It is no secret that the world’s oceans are swimming with plastic debris – the first floating masses of trash were discovered in the 1990s. But researchers are starting to get a better sense of the size and scope of the problem.
A study published Wednesday in the journal PLOS One estimates that 5.25 trillion pieces of plastic, large and small, weighing 269,000 tons, can be found throughout the world’s oceans, even in the most remote reaches.
Last summer, a team of volunteer scuba divers descended upon the picturesque National Trust owned Lansallos Beach, near Looe in Cornwall UK for a challenging conservation event: a "Dive Against Debris" or in other words an underwater cleanup survey.
Quito, Ecuador, 5 November 2014 - A series of reports on the impact of marine debris on migratory marine species and ways to address this growing threat, are being presented at a major international wildlife conference taking place in Quito, Ecuador this week.
Researchers have created a new model that could help determine what area of the world is to blame for each ocean garbage patch of floating debris – a difficult task for a system as complex and massive as the ocean.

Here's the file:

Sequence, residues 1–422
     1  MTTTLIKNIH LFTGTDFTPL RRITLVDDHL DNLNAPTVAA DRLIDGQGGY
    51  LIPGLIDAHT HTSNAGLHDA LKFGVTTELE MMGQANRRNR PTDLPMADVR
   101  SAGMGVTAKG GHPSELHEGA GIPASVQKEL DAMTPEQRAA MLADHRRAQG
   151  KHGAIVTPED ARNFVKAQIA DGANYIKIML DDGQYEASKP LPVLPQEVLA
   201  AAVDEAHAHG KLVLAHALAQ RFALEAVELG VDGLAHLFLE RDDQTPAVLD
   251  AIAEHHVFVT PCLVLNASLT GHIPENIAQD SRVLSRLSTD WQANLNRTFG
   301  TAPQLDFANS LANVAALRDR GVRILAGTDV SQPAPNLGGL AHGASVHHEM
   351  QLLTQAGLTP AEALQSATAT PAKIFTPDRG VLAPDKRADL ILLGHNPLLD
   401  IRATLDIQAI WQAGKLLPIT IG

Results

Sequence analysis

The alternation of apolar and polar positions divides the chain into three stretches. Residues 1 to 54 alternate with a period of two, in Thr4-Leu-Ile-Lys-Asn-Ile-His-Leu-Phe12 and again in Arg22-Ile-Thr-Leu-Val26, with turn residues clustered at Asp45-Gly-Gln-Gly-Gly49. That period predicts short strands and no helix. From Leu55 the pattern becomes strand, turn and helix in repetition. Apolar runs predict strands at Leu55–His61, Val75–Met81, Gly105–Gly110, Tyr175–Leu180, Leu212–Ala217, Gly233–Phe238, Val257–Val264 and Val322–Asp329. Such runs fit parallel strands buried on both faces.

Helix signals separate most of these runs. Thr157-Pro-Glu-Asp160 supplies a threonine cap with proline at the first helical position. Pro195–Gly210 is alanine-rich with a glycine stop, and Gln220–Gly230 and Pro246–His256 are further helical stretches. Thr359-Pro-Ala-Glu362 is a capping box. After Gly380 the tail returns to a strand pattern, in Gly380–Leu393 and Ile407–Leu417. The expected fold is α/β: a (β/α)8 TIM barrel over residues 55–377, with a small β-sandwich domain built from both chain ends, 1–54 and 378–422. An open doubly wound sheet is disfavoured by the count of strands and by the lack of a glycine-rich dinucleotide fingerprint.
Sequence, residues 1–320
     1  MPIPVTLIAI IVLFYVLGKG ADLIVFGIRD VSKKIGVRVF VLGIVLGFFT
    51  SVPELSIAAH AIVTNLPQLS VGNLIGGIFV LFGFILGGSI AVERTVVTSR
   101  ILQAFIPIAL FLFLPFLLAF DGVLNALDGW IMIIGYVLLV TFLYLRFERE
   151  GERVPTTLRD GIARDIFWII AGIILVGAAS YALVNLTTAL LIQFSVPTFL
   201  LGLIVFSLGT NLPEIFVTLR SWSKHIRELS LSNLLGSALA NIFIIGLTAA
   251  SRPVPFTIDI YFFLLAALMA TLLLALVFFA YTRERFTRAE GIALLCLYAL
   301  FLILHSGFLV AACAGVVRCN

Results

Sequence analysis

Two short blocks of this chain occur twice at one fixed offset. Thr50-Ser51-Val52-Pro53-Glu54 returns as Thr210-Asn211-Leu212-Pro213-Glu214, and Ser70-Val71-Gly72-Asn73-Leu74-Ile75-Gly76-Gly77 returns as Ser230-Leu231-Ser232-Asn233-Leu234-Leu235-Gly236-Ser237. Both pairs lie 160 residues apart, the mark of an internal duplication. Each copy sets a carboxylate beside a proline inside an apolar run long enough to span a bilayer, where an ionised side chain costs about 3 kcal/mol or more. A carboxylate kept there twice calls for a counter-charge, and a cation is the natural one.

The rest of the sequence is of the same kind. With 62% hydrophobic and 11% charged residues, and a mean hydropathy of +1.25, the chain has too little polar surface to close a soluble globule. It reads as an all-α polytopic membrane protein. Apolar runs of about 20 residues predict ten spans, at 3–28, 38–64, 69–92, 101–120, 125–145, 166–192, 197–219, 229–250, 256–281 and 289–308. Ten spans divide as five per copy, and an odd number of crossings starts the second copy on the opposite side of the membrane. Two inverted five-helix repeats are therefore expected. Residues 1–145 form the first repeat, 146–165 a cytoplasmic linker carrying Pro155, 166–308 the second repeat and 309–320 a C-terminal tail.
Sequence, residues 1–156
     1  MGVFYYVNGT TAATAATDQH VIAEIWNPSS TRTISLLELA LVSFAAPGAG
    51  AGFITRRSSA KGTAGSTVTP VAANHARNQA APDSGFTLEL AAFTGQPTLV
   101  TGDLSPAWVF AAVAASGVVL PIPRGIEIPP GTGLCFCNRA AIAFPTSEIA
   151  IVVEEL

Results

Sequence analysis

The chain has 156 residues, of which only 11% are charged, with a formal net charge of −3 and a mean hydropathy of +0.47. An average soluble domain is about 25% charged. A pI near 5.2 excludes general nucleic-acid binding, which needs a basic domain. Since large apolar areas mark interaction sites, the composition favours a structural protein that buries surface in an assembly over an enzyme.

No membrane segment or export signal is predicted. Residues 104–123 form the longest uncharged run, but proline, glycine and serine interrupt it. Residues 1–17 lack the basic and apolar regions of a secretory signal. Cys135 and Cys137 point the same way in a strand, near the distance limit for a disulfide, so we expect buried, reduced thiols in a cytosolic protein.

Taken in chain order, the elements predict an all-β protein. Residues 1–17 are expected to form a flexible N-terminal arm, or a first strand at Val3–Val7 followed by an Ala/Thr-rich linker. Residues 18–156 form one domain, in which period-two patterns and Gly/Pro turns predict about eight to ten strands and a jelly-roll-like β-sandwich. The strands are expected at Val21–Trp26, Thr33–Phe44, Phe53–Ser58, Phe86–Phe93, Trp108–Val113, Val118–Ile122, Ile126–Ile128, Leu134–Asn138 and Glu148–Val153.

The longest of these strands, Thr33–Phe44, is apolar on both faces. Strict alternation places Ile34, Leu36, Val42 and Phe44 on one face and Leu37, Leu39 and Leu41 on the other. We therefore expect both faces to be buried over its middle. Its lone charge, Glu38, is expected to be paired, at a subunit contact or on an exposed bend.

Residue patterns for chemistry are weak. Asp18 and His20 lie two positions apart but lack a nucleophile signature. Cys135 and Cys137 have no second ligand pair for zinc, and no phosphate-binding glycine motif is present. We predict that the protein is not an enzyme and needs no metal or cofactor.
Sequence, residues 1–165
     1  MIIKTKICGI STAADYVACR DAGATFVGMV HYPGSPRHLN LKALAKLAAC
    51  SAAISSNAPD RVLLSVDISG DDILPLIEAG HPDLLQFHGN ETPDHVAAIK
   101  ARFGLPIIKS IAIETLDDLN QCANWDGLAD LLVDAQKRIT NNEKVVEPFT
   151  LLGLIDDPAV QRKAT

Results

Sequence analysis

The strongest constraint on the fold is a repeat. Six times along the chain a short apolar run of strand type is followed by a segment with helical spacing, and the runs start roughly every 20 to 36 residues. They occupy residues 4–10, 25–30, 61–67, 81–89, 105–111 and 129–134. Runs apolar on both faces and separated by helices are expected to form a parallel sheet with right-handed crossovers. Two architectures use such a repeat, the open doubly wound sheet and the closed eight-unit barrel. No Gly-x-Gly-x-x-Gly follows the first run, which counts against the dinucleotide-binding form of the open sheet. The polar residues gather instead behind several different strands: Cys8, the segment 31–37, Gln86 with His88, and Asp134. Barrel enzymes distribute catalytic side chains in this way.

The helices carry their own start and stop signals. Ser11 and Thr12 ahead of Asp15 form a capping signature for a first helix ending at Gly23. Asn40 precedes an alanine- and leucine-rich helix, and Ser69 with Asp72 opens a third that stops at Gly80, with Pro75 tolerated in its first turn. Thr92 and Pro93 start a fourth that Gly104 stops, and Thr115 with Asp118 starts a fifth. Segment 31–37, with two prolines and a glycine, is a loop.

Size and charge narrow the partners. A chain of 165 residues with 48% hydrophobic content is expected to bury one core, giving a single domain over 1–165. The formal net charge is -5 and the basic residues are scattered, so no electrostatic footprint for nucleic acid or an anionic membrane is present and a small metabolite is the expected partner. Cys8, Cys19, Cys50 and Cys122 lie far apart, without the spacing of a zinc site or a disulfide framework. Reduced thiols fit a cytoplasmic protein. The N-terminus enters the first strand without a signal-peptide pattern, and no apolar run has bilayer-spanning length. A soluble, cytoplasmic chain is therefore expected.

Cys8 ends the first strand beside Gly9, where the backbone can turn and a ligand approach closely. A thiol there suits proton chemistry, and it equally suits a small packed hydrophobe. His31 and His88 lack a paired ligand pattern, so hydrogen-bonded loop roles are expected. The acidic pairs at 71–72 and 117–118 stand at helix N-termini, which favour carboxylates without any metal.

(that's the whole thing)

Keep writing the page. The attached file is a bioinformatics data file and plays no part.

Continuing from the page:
The Scottish Government has announced that it has launched a new strategy to tackle marine litter.
The aim of the strategy, entitled 'Marine Litter Strategy for Scotland', is to develop current and future measures to ensure that the amount of litter entering the marine and coastal environment is minimised to bring ecological, economic and social benefits.
At a cost of £16.8m each year to clean up, the strategy reveals that the majority of the litter found on Scotland's beaches and in the seas around it is plastic.
Concern is growing over the threat that widespread plastic waste poses to marine life, with conservative estimates of the overall financial damage of plastics to marine ecosystems standing at US$13 billion each year, according to two reports released on the opening day of the first United Nations Environment Assembly.
In October 2012, five incredible ocean actions were kickstarted thanks to your vote. 12 months on these awesome conservation projects are almost coming to an end. We caught up with two of our 2012 ocean heroes to find out exactly how your donation is making a big difference to ocean protection in their local communities.
A TOTAL of 1,609 kilograms or about 1.6 tons of garbage were picked Friday, September 20, from the Panagsama Beach in Moalboal, Cebu in what was considered the biggest coastal cleanup in town.
The cleanup, organized by Johan Blixt of Neptune Diving Adventure and as part of the activities lined up by Project AWARE Foundation, gathered around 116 people, excluding divers from different resorts in Moalboal, a southern town in Cebu.